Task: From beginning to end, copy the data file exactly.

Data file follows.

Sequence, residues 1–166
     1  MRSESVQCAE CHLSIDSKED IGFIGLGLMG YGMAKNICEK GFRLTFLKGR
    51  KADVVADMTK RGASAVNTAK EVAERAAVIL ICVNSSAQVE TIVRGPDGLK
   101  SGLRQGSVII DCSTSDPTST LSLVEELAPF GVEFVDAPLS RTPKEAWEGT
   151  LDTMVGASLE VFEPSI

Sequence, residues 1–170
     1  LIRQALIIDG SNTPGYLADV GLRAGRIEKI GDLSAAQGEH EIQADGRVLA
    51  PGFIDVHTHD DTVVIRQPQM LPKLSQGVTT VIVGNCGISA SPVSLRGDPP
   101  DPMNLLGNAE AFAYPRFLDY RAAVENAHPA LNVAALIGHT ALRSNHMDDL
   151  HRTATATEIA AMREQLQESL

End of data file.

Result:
Sequence, residues 1–166
     1  MRSESVQCAE CHLSIDSKED IGFIGLGLMG YGMAKNICEK GFRLTFLKGR
    51  KADVVADMTK RGASAVNTAK EVAERAAVIL ICVNSSAQVE TIVRGPDGLK
   101  SGLRQGSVII DCSTSDPTST LSLVEELAPF GVEFVDAPLS RTPKEAWEGT
   151  LDTMVGASLE VFEPSI

Sequence, residues 1–170
     1  LIRQALIIDG SNTPGYLADV GLRAGRIEKI GDLSAAQGEH EIQADGRVLA
    51  PGFIDVHTHD DTVVIRQPQM LPKLSQGVTT VIVGNCGISA SPVSLRGDPP
   101  DPMNLLGNAE AFAYPRFLDY RAAVENAHPA LNVAALIGHT ALRSNHMDDL
   151  HRTATATEIA AMREQLQESL